Readers like you keep news free for everyone.

More than 5,000 readers have already pitched in to keep free access to The Journal.

For the price of one cup of coffee each week you can help keep paywalls away.

Support us today
Not now
Wednesday 29 November 2023 Dublin: 2°C

John Halligan believes the government won't serve its full term

The Waterford TD believes no party wants an election any time soon.

JUNIOR MINISTER JOHN Halligan believes the current government will last  ”two of three years”, despite warning that he would withdraw his support if an attempt was made to remove his Independent Alliance colleague Shane Ross from his Cabinet position.

“We need stability,” he told RTÉ’s Today with Sean O’Rourke show, highlighting the “dire consequences” Brexit could have on the Irish economy, the election of Donald Trump in the United States, as well as economic and political instability across Europe.

“I don’t think any party in the Dáil wants an election.”

“If we can make sure everybody’s treated with fairness and dignity, and I’m talking about everybody on both sides of the government, then it will last.”

Support for government

The Waterford TD was speaking after an interview with The Irish Times in which he told the paper of threats to drop his support for the minority Fine Gael government over the treatment of Ross.

Ross came under fire over his comments on judicial reform – a priority for the Independent Alliance – in which he described judges as living a ‘charmed life’ and claiming there has “always been massive resistance to change from the judiciary”.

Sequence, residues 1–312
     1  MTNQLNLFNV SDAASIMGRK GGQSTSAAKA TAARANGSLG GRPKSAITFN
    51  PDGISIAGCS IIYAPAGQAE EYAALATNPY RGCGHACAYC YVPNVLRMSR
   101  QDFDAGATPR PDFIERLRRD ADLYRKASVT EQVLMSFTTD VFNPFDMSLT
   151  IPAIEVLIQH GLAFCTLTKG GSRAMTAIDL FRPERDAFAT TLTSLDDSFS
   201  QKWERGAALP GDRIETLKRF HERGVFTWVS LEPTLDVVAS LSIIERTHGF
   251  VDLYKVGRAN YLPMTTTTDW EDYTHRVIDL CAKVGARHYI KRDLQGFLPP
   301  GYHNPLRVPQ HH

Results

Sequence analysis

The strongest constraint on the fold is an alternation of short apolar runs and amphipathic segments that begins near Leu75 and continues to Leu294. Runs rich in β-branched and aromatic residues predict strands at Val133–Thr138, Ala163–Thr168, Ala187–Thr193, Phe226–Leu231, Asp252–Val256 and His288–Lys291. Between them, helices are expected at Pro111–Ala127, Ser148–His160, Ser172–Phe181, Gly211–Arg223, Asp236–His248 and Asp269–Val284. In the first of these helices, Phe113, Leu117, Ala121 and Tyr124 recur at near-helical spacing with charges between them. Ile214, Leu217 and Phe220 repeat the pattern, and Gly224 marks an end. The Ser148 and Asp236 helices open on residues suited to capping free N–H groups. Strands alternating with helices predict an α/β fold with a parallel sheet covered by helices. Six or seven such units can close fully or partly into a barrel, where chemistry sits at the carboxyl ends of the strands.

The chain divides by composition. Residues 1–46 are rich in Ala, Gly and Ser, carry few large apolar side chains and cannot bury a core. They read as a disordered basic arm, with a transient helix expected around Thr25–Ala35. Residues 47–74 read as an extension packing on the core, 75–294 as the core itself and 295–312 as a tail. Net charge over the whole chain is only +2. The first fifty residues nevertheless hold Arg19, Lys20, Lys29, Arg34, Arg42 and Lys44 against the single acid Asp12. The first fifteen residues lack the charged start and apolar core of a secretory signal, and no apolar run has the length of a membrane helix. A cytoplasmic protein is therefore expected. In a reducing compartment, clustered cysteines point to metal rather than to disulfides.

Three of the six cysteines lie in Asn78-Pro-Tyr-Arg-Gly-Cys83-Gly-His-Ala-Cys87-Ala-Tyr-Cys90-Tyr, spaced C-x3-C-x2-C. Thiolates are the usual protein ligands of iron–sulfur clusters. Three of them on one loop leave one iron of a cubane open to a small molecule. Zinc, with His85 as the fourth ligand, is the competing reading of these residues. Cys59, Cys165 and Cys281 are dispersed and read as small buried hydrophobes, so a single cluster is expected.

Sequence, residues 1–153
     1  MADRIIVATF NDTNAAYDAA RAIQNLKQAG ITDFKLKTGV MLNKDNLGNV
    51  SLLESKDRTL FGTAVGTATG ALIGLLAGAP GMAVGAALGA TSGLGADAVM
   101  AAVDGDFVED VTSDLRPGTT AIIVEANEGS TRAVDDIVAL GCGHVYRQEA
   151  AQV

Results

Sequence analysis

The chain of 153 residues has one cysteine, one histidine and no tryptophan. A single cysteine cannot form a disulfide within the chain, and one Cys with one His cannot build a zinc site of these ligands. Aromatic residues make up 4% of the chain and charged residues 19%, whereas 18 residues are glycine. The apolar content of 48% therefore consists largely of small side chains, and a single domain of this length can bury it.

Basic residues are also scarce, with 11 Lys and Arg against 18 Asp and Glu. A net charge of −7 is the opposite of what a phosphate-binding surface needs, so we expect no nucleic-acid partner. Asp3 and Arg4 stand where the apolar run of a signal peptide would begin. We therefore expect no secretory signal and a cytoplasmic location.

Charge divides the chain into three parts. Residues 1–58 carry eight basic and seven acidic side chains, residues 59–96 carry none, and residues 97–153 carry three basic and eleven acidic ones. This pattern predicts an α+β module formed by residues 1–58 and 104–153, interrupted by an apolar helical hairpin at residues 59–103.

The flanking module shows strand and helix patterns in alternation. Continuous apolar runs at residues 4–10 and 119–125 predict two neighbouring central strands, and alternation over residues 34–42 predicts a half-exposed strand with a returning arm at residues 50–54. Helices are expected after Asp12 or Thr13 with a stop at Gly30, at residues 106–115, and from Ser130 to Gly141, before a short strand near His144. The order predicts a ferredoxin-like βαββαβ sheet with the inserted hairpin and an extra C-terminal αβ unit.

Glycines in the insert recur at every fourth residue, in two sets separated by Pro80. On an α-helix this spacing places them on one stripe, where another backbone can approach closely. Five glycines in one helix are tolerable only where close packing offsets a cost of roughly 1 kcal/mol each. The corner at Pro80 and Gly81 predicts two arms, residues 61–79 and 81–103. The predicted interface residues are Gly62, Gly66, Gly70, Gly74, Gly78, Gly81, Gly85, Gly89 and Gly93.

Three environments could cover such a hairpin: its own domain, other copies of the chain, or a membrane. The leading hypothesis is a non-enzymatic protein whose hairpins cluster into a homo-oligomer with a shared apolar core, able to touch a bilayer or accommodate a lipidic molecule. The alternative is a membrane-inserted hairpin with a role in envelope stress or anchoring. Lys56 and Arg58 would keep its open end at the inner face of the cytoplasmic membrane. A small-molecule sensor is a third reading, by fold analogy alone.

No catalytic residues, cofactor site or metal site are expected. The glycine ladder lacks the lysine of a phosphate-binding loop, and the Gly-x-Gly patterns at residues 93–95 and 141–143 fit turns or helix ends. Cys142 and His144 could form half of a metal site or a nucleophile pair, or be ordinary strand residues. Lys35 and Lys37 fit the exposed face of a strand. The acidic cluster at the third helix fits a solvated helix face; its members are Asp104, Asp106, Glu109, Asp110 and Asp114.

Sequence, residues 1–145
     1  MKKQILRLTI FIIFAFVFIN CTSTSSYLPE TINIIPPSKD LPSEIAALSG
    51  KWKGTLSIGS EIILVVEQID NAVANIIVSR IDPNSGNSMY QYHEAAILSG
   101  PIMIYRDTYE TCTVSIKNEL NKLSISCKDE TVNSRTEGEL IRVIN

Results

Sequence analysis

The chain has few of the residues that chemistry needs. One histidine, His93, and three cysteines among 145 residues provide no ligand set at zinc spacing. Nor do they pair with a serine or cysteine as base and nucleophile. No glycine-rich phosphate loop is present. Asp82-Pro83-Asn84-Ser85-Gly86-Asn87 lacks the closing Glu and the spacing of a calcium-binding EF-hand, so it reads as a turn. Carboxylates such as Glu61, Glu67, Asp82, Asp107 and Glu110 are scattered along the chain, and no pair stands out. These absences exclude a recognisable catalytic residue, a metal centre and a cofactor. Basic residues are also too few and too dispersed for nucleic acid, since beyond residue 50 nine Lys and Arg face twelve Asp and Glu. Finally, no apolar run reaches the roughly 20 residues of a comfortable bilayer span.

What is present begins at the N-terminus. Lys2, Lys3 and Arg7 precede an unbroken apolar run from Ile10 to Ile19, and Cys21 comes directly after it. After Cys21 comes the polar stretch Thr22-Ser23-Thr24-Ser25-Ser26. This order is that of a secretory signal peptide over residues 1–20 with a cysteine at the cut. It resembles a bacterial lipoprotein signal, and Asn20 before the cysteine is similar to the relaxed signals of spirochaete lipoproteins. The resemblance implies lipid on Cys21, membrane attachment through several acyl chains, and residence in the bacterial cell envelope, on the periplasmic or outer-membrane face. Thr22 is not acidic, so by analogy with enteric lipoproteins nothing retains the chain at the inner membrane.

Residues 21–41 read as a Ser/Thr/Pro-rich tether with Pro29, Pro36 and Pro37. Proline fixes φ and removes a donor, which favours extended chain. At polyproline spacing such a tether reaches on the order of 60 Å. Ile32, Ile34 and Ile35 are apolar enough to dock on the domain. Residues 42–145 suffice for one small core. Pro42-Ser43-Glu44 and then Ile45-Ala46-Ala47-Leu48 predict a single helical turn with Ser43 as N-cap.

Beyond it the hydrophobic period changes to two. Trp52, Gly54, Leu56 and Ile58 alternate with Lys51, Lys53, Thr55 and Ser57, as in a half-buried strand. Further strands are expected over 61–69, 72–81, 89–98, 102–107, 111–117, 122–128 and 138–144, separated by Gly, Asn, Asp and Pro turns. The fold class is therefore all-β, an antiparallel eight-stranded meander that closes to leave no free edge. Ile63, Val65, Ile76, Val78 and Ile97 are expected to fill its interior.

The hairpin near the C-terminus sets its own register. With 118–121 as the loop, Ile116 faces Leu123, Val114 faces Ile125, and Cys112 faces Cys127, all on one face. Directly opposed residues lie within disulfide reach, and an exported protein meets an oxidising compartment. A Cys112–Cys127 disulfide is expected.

Speaking to RTÉ Radio 1, Halligan described Ross as a “friend of mine… I think he’s a good guy and a good politician”.

What will happen if there was an attempt to remove him from government, quite bluntly, I’d go with him.

“I think he was influential in forming this government”, Halligan added while criticising other independent TDs who were unwilling to go into government, suggesting they were “back at home watching telly”.

Halligan, who serves as a junior minister at the Department of Jobs, described further tensions within government after he wasn’t informed about job announcements in his constituency.

“I wasn’t being formed about them, or being informed late about it,” he said.

I’m not saying it’s [Minister for Jobs Mary Mitchell O'Connor]‘s fault, but the buck does stop with the minister for the department.

11/12/2007 Mary Mitchell Joins Fine Gael

“I would imagine that as a junior minister in my constituency, if there’s announcements being made, as has been the case with former junior ministers, they would make the announcements.”

“These are teething problems.”

Read: John Halligan lobbying for support for right-to-die bill >

More: Halligan to tell Israelis to treat Palestinian people ‘in a more humane way’ >

Your Voice
Readers Comments
    Submit a report
    Please help us understand how this comment violates our community guidelines.
    Thank you for the feedback
    Your feedback has been sent to our team for review.